Belgian filmmaker Claude Schmtiz’s The Other Laurens (L’autre Laurens, 2023) – screened at Directors’ Fortnight at Cannes – is a neo-noir thriller that tells a familiar tale of sardonic people and seedy locales with a deadpan sensibility and emotional remove which somehow engaged me. Written by Claude Schmitz and Kostia Testut, the film’s dark humor, fluid imagery, excellent musical score, and genteel facade elegantly hides the characters’ despair and alienation. Sometimes the events seem far removed from reality that it borders on fantasy. Yet, Claude Schmitz takes pleasure in complicating or dramatizing the narrative in such a way that kind of dazzles us.
The Other Laurens opens at the wastelands of the France-Spain border, where two men – allegedly the peripheral characters in the narrative – have a conversation. One of the men is spooked because he has recently seen a man who has supposedly died. The other man makes fun of him and assures him that ‘Francois is dead.’ In the background, there’s an aging gang boss frustrated by the mess of a deal he had made with an ‘American woman.’ Whether Francois is dead or not, there’s no peace for his surly twin brother, Gabriel (Olivier Rabourdin).
The middle-aged Gabriel works as a private investigator who specializes in adultery cases. He visits his senile, dying mother at the nursing home, who wants him to have his father’s treasured Rolex. But she mistakes Gabriel for Francois. Later in the night, as Gabriel is sorting out the pics of the extramarital case, he gets a visitor: the adolescent daughter of Francois, Jade (Louise Leroy). She wants him to investigate her father’s death. Though the police have ruled it as an accident, Jade has her suspicions. Gabriel wants nothing to do with his brother and has even avoided the cremation ceremony.
Gabriel wants to get rid of Jade, but she stays the night. The following day, Gabriel’s mother is dead. Besides, he hears the unexpected news that the nursing home charges haven’t been paid for five months. Francois usually takes care of such things. And we see why a little later. Gabriel decides to drop Jade at her home in Perpignan, a scenic place near the Mediterranean Coast and the Spanish border. They arrive at this lavish mansion. The American stepmother of Jade, Shelby (Kate Moran), mildly reprimands the girl for her disappearing act. Gabriel’s exact resemblance with Francois also flabbergasts her.
Jade gives Gabriel a tour of her father’s grotesquely wealthy house. Over a drink, Shelby shares her now-deceased husband’s financial troubles, which have left them nearly penniless. Gabriel also encounters Valery and his gang – shadier, thuggish men who worked for Francois and now for Shelby. Soon, another volatile man is thrown into the mix: Shelby’s African-American brother Scott – a former Marine and a helicopter pilot who did Grand Canyon tours and is now unemployed.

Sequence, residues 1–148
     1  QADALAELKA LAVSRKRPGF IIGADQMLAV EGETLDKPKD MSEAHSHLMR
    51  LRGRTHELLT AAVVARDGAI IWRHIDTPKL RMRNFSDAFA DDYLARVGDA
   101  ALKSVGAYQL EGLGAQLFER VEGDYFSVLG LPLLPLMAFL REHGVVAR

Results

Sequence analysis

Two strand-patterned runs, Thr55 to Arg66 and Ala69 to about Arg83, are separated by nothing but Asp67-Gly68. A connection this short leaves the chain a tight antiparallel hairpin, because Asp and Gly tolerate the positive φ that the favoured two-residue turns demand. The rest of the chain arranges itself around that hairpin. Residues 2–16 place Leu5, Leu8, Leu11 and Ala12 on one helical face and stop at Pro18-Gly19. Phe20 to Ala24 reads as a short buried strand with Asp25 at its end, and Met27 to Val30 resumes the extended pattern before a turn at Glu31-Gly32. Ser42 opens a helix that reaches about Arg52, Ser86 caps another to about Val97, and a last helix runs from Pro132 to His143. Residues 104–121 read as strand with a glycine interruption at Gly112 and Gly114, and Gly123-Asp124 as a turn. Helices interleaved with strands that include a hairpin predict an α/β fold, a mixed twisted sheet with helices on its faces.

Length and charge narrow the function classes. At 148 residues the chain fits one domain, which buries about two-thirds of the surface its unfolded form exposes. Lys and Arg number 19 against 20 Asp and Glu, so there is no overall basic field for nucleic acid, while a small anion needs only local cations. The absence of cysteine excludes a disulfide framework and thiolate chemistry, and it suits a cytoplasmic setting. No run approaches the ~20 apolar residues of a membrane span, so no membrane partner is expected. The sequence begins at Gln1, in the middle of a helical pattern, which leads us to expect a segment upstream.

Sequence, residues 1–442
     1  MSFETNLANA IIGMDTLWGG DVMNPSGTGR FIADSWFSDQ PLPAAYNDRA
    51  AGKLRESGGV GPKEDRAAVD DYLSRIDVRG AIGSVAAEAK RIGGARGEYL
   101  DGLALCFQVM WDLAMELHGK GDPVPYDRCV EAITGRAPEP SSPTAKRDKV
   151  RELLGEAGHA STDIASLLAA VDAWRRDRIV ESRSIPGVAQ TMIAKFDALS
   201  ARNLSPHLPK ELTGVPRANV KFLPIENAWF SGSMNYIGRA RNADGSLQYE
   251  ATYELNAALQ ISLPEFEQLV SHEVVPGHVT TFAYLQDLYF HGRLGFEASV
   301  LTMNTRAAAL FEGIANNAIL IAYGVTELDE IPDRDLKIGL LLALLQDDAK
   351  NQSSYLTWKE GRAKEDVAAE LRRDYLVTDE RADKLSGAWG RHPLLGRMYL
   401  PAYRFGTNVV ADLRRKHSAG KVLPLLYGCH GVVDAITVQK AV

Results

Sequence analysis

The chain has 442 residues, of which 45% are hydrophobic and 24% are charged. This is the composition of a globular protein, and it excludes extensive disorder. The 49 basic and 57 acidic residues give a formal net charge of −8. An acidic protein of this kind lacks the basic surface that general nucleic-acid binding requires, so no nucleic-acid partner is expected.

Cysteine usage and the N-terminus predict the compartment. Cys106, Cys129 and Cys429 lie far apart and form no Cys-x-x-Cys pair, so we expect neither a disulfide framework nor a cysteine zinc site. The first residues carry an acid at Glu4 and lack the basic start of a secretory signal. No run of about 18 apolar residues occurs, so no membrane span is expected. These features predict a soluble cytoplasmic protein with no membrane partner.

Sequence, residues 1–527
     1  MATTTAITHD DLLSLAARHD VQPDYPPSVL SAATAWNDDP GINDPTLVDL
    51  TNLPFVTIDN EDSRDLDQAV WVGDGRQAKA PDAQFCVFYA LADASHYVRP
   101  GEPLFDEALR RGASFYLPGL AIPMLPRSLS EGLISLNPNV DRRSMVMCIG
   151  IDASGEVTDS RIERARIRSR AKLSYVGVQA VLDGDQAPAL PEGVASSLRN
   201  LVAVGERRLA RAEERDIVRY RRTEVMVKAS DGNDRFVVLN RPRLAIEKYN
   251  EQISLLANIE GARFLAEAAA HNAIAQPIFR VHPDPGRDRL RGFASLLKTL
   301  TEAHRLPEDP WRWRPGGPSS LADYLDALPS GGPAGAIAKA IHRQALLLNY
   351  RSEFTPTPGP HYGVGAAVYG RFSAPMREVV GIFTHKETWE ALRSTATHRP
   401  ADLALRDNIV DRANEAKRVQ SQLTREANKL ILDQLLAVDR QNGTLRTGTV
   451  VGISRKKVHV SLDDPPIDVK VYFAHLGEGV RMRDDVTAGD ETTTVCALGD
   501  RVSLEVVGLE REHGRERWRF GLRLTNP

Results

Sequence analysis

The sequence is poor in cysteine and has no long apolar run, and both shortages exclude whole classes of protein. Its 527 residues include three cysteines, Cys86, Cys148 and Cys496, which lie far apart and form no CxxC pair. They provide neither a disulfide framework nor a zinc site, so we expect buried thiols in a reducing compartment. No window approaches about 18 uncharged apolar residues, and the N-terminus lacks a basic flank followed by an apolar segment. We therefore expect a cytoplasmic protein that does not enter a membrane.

The suspicious death of Francois, obviously, is linked to their gathering. But Gabriel is largely nonchalant about it. His niece Jade takes him to the accident spot where Francois met his death by immolation. Back at the mansion, Gabriel wears Francois’ clothes, goes through his brother’s belongings, and picks up a chain with a pendant. However, the tenacious Jade does her sleuthing and finds the name of a place (La Jonquera) where her father had a meeting before the day of his death.
There’s a comic pair of middle-aged detectives in The Other Laurens. They are in search of a gypsy and coincidentally meet Jade and Gabriel, who are doing their own investigation. Subsequently, it looks like the detectives are following Gabriel’s activities. Jade encounters the caustic side of her uncle very soon. Gabriel gifts her the chain he found and says it was his gift to her mother. Then Gabriel tells her the heartbreaking story of how Francois manipulated and snatched the love of his life. His life collapsed on the same day as the twin towers came down.
Jade counters Gabriel’s story by saying maybe her mother had her own desires and chose Francois. Gabriel has firmly believed in the evil nature of his brother from childhood, and hence he ends up ranting about him, which also demeans his niece. Perhaps, Gabriel expected an acknowledgment of his suffering and the wrongs Francois had done to him. He wanted to earn the trust of his brother’s daughter and make her take his side.
Unfortunately, through Gabriel’s undying rage, we perceive the emptiness in his life. Like a true noir hero, he is cynical, insecure, and tarnished. Gabriel is so obsessed with losing his lover that he further chooses to inflict suffering upon himself by following cases of extramarital affairs. Naturally, Jade storms out of the place, whereas Gabriel accidentally stumbles upon a clue that might reveal the mystery behind his brother’s death.
I think in noir films, the deliberately byzantine plots don’t matter after a point. Who is going to double-cross who? Or who is the real villain in this tragedy? The Other Laurens sets up the questions, and answers are neatly provided after many perish due to their greed. However, it’s the impeccable compositions, use of dramatic irony, and smart handling of the noir elements that offer us a distinct movie experience. Florian Berutti’s cinematography and Thomas Turine’s musical score are the biggest strengths of The Other Laurens.
If you watched or read a few hardboiled stories, it’s easy to figure out the thriller aspects of the narrative. But the quirky and solid characterizations bestow many delicate layers upon the narrative. For a film driven mainly by the central characters’ internal crisis, Schmitz provides an intriguing arc for the supporting characters. Moreover, Schmitz and his co-writer Testut handle every moment with such thematic rigorousness. Overall, The Other Laurens (118 minutes) is a slow-burn neo-noir with inarguably graceful visuals, which also works as a compelling character study.